What's going on?
Data out on Friday showed UK retail sales unexpectedly jumped in April, then stumbled around a bit, then started a fistfight with a pigeon.
What does this mean?
After two consecutive months of declines, the number of goods sold in UK stores and online climbed 1.4% in April from the month before. That might not sound like much, but it blitzed the 0.2% drop economists were expecting at a time when inflation is at a 40-year high. Then again, the bulk of the gain was driven by an uptick in supermarket alcohol and tobacco sales. That not only suggests that the cost-of-living crisis is forcing Brits to entertain themselves at home, but that they’re plying themselves with liquor and cigarettes to sand the edges off this otherwise miserable existence. We know we are. Hic.
Why should I care?
Zooming in: Get used to this.
Economists haven’t been fooled by April’s retail rebound, arguing that things are only going to get worse – maybe even recession-worse – as Brits are forced to tighten their belts over the next few months. For one thing, the UK government has recently made the unsympathetic move of increasing both taxes and the limit on how much energy giants can charge customers. And for another, shoppers are forking out extra for just about everything: they spent 13% more than in a pandemic-free February 2020 last month, even though they only bought around 4% as many products.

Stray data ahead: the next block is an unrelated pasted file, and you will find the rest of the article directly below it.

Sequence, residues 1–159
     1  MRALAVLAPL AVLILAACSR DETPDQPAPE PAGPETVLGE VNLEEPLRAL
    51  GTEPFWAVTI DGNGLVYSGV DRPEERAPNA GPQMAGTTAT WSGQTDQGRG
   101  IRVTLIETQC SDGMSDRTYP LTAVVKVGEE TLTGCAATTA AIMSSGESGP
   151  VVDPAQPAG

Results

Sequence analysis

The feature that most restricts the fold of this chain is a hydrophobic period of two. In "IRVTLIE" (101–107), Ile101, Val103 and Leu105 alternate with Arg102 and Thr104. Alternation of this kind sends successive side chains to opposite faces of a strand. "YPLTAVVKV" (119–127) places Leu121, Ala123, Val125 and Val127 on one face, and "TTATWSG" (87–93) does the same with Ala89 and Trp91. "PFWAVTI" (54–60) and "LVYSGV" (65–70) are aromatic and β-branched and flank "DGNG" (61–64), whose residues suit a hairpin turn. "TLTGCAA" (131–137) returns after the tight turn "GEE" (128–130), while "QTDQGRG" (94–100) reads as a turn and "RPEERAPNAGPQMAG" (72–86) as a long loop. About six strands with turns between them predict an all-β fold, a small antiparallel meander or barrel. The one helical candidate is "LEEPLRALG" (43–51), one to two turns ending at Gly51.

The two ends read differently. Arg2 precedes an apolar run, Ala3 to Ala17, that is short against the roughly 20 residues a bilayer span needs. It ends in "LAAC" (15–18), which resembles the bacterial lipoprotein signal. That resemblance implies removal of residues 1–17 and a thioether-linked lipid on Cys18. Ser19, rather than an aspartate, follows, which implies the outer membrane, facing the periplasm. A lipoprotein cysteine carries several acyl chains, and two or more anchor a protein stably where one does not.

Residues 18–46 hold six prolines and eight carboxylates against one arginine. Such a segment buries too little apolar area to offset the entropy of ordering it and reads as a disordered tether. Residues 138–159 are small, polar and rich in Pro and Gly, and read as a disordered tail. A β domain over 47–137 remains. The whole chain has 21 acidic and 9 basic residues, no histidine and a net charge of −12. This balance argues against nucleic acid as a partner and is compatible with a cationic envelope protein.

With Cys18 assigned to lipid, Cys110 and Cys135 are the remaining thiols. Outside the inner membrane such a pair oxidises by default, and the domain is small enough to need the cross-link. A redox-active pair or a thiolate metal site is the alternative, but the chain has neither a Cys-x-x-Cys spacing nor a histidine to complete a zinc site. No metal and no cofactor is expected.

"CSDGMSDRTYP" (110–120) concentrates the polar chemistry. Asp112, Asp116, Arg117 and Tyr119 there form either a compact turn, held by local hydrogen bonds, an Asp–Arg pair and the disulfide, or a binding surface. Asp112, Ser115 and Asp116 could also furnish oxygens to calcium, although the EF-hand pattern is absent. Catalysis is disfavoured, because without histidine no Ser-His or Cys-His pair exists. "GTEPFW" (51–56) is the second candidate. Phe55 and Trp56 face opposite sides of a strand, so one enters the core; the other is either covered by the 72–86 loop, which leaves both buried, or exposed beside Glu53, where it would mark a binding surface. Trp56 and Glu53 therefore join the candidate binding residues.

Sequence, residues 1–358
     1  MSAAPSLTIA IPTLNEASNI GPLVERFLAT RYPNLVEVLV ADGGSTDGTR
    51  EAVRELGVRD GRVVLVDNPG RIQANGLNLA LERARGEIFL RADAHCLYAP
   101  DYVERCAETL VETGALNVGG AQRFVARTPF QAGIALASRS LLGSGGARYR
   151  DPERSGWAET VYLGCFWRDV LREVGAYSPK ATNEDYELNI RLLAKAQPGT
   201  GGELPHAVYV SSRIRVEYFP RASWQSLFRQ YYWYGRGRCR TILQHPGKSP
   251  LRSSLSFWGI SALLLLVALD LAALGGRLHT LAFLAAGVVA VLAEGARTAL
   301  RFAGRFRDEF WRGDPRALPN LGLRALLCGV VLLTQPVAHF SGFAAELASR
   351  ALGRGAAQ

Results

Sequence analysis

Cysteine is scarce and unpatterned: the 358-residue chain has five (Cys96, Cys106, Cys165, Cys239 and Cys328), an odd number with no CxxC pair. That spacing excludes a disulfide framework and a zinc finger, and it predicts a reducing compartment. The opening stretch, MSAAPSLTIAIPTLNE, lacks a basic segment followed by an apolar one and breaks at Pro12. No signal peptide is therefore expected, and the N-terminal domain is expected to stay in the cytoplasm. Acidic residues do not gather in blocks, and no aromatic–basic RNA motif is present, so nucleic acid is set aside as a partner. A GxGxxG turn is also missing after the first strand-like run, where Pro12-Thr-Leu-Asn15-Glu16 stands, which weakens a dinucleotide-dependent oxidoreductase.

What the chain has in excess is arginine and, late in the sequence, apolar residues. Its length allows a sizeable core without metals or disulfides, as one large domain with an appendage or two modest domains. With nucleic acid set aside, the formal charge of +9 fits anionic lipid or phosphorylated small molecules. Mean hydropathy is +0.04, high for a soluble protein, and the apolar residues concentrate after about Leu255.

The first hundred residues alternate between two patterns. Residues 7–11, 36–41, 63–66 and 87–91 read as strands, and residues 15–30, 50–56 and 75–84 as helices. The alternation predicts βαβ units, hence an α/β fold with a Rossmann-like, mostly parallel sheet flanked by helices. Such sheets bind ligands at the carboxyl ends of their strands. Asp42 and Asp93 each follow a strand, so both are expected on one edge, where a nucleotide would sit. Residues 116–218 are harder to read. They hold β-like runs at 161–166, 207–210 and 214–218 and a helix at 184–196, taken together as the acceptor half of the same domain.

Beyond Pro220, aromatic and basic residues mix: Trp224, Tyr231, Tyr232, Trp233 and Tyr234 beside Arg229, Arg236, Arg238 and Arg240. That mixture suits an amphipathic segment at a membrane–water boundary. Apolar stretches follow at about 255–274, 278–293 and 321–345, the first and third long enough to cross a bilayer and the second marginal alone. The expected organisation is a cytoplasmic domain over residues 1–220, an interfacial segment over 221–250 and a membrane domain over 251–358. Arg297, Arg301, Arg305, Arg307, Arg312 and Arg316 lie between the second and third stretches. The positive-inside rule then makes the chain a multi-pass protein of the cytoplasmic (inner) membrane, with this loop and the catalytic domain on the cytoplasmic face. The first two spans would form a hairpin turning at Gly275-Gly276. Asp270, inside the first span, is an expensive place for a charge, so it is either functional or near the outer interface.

The bigger picture: Recession warning.
Disposable incomes in Britain have now fallen almost as fast as they ever have done, which might be why data out last Friday showed UK consumer confidence fell to its lowest level in nearly 50 years this month (tweet this). It’s now sitting below an ominous level that’s generally preceded a big dropoff in household spending, which itself has gone on to lead to a recession.